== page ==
Lymphoglandular Complexes in Proximal Colon of Buffalo Calves (Bubalus bubalis)
International Journal of Morphology
The present study was conducted on six healthy early neonatal and six prepubertal buffalo calves to study the location, gross morphology, histomorphology and histochemistry of lymphoglandular complexes in proximal colon. In very proximal part of colon of buffalo calves, an irregular oval mucosal lymphoid patch was found grossly as a proximal colon (PC) patch. Histologically, in proximal colon patch of early neonates (3-4 weeks), an extensive invasion of mucosal glands was observed towards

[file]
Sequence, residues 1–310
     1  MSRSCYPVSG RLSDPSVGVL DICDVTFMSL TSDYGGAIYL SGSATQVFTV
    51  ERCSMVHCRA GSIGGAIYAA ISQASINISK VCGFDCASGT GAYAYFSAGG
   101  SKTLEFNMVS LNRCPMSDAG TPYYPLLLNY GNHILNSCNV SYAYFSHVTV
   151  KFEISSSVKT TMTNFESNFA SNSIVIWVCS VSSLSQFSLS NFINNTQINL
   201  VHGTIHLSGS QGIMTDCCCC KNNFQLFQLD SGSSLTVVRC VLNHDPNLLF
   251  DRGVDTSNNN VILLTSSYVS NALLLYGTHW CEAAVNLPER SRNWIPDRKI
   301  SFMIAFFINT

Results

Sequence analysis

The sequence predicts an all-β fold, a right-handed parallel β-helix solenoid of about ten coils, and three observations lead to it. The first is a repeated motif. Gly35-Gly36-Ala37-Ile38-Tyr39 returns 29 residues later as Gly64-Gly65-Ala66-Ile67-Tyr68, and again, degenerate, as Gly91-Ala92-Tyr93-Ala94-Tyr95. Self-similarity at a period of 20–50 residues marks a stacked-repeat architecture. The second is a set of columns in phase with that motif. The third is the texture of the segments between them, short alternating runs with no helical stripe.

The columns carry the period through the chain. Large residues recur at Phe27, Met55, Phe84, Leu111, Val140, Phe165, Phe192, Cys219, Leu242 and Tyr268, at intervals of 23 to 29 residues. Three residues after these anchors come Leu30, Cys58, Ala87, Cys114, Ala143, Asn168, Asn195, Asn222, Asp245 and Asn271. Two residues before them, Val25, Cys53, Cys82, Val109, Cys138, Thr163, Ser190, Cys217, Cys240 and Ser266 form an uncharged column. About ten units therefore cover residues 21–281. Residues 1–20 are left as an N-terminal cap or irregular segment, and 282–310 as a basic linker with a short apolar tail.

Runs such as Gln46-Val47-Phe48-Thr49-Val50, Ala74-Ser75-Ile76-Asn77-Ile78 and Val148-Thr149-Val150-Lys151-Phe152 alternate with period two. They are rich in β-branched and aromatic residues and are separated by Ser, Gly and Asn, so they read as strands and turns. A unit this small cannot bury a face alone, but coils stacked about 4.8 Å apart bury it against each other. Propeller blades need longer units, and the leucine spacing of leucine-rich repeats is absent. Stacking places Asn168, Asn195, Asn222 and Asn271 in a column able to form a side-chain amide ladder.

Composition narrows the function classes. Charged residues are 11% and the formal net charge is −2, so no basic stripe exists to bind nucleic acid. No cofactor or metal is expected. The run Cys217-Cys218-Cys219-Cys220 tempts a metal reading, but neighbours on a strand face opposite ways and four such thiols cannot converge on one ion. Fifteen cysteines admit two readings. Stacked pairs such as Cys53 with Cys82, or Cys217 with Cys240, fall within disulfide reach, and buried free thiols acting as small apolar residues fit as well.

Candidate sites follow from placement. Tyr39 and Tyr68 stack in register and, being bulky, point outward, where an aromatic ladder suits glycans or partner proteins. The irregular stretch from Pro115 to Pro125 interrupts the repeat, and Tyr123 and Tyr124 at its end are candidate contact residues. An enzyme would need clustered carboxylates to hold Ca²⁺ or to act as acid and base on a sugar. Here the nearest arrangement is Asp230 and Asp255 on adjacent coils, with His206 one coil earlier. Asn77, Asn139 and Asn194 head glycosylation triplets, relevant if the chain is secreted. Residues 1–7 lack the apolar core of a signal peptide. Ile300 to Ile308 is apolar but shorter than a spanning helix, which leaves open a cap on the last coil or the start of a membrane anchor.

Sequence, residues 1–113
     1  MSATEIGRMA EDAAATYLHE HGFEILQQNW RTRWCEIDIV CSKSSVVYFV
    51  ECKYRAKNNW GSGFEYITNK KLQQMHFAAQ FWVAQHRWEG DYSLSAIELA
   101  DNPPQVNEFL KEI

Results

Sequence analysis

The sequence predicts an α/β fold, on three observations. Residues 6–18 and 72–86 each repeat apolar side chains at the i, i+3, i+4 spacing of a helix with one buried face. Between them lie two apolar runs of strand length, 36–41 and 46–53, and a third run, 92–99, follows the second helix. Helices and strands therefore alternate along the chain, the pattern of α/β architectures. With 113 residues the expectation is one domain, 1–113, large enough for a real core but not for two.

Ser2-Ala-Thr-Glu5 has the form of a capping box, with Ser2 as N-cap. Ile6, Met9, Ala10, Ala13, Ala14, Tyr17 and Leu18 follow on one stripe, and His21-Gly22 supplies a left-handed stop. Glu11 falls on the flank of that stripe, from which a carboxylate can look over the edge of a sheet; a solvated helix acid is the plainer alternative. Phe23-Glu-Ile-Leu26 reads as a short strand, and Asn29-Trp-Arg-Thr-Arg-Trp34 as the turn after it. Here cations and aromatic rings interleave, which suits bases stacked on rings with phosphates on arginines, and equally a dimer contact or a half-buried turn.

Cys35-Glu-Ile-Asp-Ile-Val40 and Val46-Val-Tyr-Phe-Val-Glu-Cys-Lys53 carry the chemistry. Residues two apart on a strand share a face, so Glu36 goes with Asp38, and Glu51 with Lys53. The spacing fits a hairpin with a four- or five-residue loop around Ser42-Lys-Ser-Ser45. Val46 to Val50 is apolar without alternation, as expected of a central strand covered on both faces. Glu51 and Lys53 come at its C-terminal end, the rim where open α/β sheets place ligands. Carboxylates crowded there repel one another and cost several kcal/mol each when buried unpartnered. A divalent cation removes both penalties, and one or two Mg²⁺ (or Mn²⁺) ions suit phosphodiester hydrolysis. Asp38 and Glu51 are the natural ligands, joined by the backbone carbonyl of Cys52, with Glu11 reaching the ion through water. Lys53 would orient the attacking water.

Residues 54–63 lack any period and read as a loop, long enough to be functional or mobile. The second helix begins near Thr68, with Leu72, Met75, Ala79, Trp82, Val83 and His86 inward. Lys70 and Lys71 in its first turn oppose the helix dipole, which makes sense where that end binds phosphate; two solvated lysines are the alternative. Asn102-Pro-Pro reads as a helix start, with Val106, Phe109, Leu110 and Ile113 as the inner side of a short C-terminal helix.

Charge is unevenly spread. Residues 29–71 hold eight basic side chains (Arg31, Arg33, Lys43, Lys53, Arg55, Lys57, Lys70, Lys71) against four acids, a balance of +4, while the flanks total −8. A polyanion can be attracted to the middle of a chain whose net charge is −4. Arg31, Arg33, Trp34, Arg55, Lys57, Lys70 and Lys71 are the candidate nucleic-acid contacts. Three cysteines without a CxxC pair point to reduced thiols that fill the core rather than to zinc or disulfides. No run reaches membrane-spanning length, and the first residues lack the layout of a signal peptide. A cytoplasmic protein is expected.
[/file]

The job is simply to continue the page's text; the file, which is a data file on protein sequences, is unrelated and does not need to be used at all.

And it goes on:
... id nodules that were present in submucosa. The structure as a whole thus formed a complex known as lymphoglandular complex (LGC). Large number of such complexes i.e., LGCs were observed in submucosa of proximal colon at this age. At some places, invasion of mucosal glands into lymphoid tissue was restricted to superficial layer of complexes, with the lymphoglandular complexes opening directly into the lumen but some were deep seated. However, by the age of 6 months in buffalo calves i.e., prepubertal period, LGCs were reduced and were present in single layer within the submucosa of the proximal colon. Moreover, some of LGCs were completely encapsulated by their own lamina muscularis mucosae. But some of the complexes still had their mucosal openings into lumen while others had lost their connection with tunica mucosa. Histochemically, the glands that were observed within LGCs contained mucosubstances, glycogen, mucopolysaccharides, and mucin. However, lipids were present around the lymphocytes observed towards the periphery of these LGCs.